“Lead the way,” she said.
The men got up from their stations and Neumayer did lead the way, a white binder tucked under his arm. Clarke quickly caught up to him, perhaps sensing that the tension between the two women was not something he wanted to get in the middle of.
Ballard followed at a ten-yard distance and Moore took fourth position in the parade. She spoke to Ballard’s back as they walked.
“I suppose you want an apology,” she said.
“I don’t want anything from you, Lisa,” Ballard said.
Ballard suddenly stopped short and turned to Moore. They were standing in the back hallway where only the shoeshine guy could hear them.
“You know, you may have fucked yourself but you also fucked me,” Ballard said. “I like my job. I like the dark hours and now I’m going to be dayside thanks to you.”
Ballard turned and continued down the hall, passing by the shoeshine station.
Once all four of them were settled in the TFR, Neumayer asked Ballard to summarize the weekend’s occurrences, since it
was now apparent that Moore had played hooky. Ballard gave a concise update and told them about her reaching out to the three victims.
“I have victim three’s Lambkin survey here,” she said. “The other two should be completed by now. You just have to call them today to collect. When you compare them, see if we get any triple matches. Or even double matches.”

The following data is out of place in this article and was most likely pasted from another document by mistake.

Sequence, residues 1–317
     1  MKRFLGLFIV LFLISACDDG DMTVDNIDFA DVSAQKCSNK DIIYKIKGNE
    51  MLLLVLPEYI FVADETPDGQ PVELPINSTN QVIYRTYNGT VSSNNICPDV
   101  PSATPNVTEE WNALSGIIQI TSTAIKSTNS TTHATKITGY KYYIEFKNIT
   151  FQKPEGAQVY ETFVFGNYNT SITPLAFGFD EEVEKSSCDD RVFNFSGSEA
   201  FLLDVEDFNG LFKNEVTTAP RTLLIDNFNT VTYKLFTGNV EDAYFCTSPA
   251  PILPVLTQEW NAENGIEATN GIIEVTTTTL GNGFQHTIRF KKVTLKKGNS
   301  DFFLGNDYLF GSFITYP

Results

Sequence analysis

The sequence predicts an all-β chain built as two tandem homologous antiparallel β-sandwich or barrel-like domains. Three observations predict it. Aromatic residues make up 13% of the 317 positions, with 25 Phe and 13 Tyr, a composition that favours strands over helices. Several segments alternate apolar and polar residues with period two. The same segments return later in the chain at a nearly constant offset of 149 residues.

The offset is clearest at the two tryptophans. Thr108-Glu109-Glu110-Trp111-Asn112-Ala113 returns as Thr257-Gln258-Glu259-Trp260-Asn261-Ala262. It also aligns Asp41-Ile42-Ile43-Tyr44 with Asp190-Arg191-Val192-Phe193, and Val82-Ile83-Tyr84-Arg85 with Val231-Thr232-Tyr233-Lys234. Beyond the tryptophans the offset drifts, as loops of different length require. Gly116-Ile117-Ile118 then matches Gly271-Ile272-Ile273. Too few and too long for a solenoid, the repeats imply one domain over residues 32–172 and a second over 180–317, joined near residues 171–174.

Clarke groaned at the idea of desk work.
“Thanks, Ballard,” he said. “Why don’t you stick around to help?”
“Because I’m going to be sleeping, Clarke,” Ballard said. “I worked all night and I’ve been working this case all weekend. I’m out of here as soon as we’re done with this meeting.”
“You’re cool, Renée,” Neumayer said. “We’ll handle it from here.”
“Good, because I’m supposed to have the next three days off,” Ballard said.
“All right,” Neumayer said. “Why don’t you give us victim three’s survey and we’ll take it from there. You can go home.”
“We also may have caught a break,” Ballard said. “These scumbags cut the power to the streetlights near each victim’s house. They wanted it dark.”
“Holy shit,” Clarke said.
“How’d you get that?” Neumayer asked.
“A resident up in the Dell told me the light outside the victim’s house was out the night before the attack. This morning I went to the BSL to check work orders and — ”
“BSL?” Moore asked.
“Bureau of Street Lighting,” Ballard said. “On Santa Monica near Virgil. I checked work orders, and lights on the other victims’ streets were cut around the same time as the attacks. Exact times are not known, because they work off complaints.